6.It has allowed me to travel to places I never expected to go
It was always one of my dreams to travel the world. However before I started street photography, I hadn’t traveled much. The only place out of the US I ever went was to Korea to visit family, and the only other place I lived in the US was New York for a few years as a child.
After one of my blog posts titled: “101 Things I Have Learned About Street Photography” went viral, I was invited to Beirut, Lebanon to teach a street photography workshop by Loryne Atoui, a creative director there. When I heard the news I was ecstatic, but everybody else around me was suspicious of Lebanon. All they told me was that it was a dangerous place and I would get kidnapped. However once I arrived there, I found some of the kindest people on earth, and one of the most inviting places for street photography (people there loved getting photographed!)
In traveling I have really opened up my eyes to the rest of the world—through the people and different cultures I have experienced. It makes me feel much more conscious of who I am, and how small I (and America) is in comparison to the rest of the world.
7.It has allowed me to create a supportive and loving community
Being an anchor of a community is a huge responsibility, but something I appreciate being able to provide. I feel that was always one of my strengths in life—being able to connect people with one another.
To find a loving and supportive community (especially on the internet) is one of the most difficult things to do. As a sociology major in college, I know how important it is for people to have a need to belong. If we cannot find a social group we feel a part of, we will feel estranged and uncomfortable in life.
Therefore through this blog, I have tried to make it as community-oriented as possible, by featuring guest blog posts, interviews, photo-essays, and street photography contests. There is still a lot more I can do, but I feel blessed to have been the “enabler” for all of this community participation.
8.I see the world in a different way
Street photography has helped me really appreciate the beauty in the mundane—things I have never seen or noticed before. Before street photography I would always feel in a rush to get somewhere—and not notice the small little things in life. Whether it be the shadow on the ground, or the couple holding hands, or the man sipping coffee on a patio. All of these small and ordinary things that make us human are that much more apparent to me. I now cherish life at a bit of a slower pace and strive to see the beauty of everyday things.
9.It changed my view on human nature
Before I studied street photography I would have called myself a bit of a pessimist in certain regards. For example, I would think that people were inherently greedy, confrontational, and only in life for themselves. I would be suspicious of other people’s intentions and especially those of strangers.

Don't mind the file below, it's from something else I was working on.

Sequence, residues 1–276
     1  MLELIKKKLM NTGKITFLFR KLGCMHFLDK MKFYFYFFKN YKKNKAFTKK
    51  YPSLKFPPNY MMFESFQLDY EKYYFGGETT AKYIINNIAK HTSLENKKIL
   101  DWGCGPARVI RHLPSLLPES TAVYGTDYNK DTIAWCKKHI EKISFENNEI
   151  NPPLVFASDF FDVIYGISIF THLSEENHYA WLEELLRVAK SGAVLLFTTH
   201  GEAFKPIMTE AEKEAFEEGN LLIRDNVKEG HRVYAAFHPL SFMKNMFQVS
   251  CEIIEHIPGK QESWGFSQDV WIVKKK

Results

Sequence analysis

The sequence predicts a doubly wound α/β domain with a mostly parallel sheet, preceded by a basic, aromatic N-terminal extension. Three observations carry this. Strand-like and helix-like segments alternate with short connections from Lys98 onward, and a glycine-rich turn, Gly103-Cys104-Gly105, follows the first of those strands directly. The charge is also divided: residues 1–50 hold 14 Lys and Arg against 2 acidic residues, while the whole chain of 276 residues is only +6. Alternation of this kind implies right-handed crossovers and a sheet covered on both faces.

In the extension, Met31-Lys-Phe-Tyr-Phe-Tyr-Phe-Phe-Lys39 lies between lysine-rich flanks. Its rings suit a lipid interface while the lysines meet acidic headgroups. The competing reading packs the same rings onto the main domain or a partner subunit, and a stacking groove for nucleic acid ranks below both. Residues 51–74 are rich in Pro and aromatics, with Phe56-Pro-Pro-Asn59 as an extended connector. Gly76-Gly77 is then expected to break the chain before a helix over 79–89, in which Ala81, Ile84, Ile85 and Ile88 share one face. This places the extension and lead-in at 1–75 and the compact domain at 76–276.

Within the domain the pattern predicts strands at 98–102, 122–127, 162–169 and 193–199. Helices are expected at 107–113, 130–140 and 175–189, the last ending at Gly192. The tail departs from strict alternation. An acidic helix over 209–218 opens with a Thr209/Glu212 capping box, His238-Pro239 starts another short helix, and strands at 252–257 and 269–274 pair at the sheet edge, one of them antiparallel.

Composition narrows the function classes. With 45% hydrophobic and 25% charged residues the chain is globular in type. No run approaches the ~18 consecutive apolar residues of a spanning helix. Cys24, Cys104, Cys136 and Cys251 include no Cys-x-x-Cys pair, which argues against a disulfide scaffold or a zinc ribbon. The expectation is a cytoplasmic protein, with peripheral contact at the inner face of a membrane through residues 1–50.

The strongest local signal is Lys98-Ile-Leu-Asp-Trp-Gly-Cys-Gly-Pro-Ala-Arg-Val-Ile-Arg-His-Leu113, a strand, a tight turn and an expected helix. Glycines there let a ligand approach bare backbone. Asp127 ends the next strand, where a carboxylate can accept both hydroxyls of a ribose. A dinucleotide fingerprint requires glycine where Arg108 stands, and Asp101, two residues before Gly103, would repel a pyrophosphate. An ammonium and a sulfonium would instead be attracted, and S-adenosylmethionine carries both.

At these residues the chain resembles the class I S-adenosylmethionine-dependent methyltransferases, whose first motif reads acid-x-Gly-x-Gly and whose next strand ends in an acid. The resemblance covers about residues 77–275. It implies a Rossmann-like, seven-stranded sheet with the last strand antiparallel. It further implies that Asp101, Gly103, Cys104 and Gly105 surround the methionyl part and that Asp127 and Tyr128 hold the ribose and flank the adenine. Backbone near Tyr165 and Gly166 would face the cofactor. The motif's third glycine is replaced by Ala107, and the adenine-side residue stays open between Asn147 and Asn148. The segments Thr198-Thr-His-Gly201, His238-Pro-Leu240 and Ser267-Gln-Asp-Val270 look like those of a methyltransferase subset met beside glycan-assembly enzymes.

However through street photography, it has really helped me open up. The most eye-opening experiences have been is when I have shot the meanest looking people and they gave me the warmest looks back at me.
It made me realize that it can be the toughest people who can be the kindest. They are always so used to people staring at them suspiciously for how they look—that people don’t appreciate them for who they truly are—or take the time to realize that.
Nowadays I am starting to realize that people are inherently good, and most people react quite positively when you take photos of them on the street. Just make sure to walk around with a smile and say “thank you” and people will open up.
10.I now constantly challenge myself
My mom (and girlfriend) used to always criticize me that I would always settle for less. Although I always considered myself a hard worker, I wouldn’t necessarily call myself the “driven” type. Once I got comfortable doing something, I would be satisfied and not strive for any more.
However street photography has been one of the most difficult crafts I have ever picked up. It is something that not only takes skill through composition and framing—but through the interaction I have to make with the people I capture. Every phase in which I thought I took “good” photographs, I have slowly realized that I still have a long way to go.
I feel it is this challenge that keeps me going and constantly striving to take my photography to the next step. Charlie Kirk recently gave me the challenge of not uploading any of my photos for an entire year, and to have a collection of around 20 or so really memorable images. I wouldn’t have ever thought I was the type to do something like that (as I am so active on social media) but I think that it will be a great opportunity for me to take my photography to the next step.
How has street photography changed your life for the better? Share your experiences and stories in the comments below!